Another way climate change will kill bears.
(Kathy Thompson)A spike in seasonal temperatures has led to an unusual increase in bear encounters both in the wild and in the city, prompting wildlife officials to call this season the summer of the bear.
According to Parks Canada, bears usually enjoy foraging in valley bottoms where food and security are in abundance during the summer months.
“Avalanche slopes remain critical to grizzly bears, offering a rich variety of plant food and forest edge that provides cover,” the website states.
However, a Colorado Parks and Wildlife spokesperson said bears are abandoning that normal safe zone in search of food due to the recent swell in summer temperatures.
“The reason that we’re seeing more bears coming down into these areas is because of that hot, dry weather and the lack of natural forage that they would depend on,” Michael Seraphin said.
On the West Coast, a rash of bear attacks has left some residents fearing for their safety.
North Vancouver resident Michelle Foster said she watched helplessly earlier this month as a black bear scoped out her yellow Labrador in her backyard.
“I yelled at the bear to get lost, because she was chasing my dog, and it looked at me, didn’t take its eyes off me, jumped down the six-foot wall and charged at me,” Foster told CTV British Columbia.
Foster said she and her dog Boo managed to escape unharmed inside her house and slide the patio door shut just as the bear took a single swipe through the opening.
“It got up on my door on its hind legs and then tried to slide it open,” Foster said. “I had to lock my door.”
Another homeowner in North Vancouver, Kathy Thompson, also had an encounter in July when she found a bear taking a leisurely soak in her neighbour’s hot tub.
“(It) rolled around in the hot tub having a great time and hung over the edge and then went into the big pool,” Thompson told CTV British Columbia.
Not everyone, however, has been as fortunate as Thompson and Foster.
North of the province in Alaska, a teenager was crossing a stream with a group of six hikers in July when they surprised a grizzly bear and her cubs. The protective mother mauled the 17-year-old, leaving him with gashes across his mid-section, two broken ribs and a punctured lung.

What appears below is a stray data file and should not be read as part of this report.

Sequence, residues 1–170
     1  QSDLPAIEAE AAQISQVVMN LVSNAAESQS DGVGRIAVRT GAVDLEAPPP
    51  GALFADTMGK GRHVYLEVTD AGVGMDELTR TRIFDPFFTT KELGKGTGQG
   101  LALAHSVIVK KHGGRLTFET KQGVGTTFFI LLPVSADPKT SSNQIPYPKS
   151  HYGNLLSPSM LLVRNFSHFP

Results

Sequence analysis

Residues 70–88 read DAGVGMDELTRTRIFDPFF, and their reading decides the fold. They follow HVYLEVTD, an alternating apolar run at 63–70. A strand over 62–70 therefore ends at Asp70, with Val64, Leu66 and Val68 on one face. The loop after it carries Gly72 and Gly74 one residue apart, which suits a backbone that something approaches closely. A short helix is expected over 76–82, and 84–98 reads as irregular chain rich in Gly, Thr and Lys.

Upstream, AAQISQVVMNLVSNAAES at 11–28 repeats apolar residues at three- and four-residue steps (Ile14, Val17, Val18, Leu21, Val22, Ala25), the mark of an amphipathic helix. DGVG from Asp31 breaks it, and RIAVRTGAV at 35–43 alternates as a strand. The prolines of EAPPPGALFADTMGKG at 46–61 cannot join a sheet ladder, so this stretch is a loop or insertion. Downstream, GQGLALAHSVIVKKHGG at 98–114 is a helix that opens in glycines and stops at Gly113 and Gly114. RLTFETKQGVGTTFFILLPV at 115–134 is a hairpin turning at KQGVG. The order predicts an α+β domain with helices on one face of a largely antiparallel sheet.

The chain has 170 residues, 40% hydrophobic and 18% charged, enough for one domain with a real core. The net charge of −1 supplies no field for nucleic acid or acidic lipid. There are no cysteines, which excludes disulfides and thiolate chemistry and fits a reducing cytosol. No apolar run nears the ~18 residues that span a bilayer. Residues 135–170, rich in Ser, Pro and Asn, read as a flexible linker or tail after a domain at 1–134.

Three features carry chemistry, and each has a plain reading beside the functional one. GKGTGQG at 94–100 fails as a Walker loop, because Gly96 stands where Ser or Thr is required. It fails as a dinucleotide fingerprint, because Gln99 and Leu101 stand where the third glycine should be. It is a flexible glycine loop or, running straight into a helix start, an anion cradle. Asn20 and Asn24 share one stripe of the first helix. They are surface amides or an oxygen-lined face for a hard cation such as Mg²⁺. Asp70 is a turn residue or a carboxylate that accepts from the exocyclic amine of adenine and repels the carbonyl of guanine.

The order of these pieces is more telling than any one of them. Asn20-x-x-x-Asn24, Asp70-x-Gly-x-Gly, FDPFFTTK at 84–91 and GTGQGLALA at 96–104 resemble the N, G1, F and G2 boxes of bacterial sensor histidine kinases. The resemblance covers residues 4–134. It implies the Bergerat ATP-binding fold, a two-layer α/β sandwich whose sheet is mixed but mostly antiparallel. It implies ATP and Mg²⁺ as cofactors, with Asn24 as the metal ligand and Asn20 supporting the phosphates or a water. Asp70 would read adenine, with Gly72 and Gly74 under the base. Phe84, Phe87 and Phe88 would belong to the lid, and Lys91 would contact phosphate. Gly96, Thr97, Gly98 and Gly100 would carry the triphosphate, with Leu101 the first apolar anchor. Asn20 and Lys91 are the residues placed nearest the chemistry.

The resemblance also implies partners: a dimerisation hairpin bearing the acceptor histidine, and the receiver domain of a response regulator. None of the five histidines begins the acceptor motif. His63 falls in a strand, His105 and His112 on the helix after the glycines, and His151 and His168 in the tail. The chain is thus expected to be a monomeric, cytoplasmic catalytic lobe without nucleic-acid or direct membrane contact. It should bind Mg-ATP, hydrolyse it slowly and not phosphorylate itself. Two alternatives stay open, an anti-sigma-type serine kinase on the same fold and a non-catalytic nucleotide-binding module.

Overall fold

“The most vivid thing I remember is running and looking behind me and just seeing this huge, like, snarling grizzly bear,” Samual Gottesgen said.
According to Parks Canada, a bear encounter should be handled non-reactively. If a bear approaches, the agency recommends taking the following steps:
Stay calm and avoid screaming or sudden movements because that may trigger an attack
Speak to the bear in a calm and firm voice to let the bear know a human, and not prey, is standing in front of it.
Back away slowly and avoid running because that may rigger a pursuit.
Appear big by staying in a group or picking up small children.
Keep camping gear or bags with you because they may be used as protection.
Mireielle Rousseau, a Bear Guardian Supervisor with Parks Canada, said the best approach to stay safe is just to give bears a lot of space.
“100 metres is ten bus lengths and that is ideal,” she told CTV News.
Some parks in Canada, however, aren’t taking any chances with bear attacks and are introducing restrictions on some of the most popular hiking and biking trails.
Until Sept. 15, visitors hoping to hike or bike through Lake Minnewanka Trail in Banff National Park are required to travel in groups of at least four. At least one person in each group will also be required to carry bear spray.
Parks Canada spokesperson Mark Merchant told The Canadian Press on Thursday that this was the first time the park has made it mandatory for visitors to carry bear spray. If rules are broken, a judge can imposed a fine of up to $25,000 under the National Parks Act.
Merchant said there have been no close calls this season, but he said the risk is always there.
“We have had encounters in the past. We’ve had a mauling and we’ve had also just close encounters,” he said.
With files from CTV Alberta Bureau Chief Janet Dirks.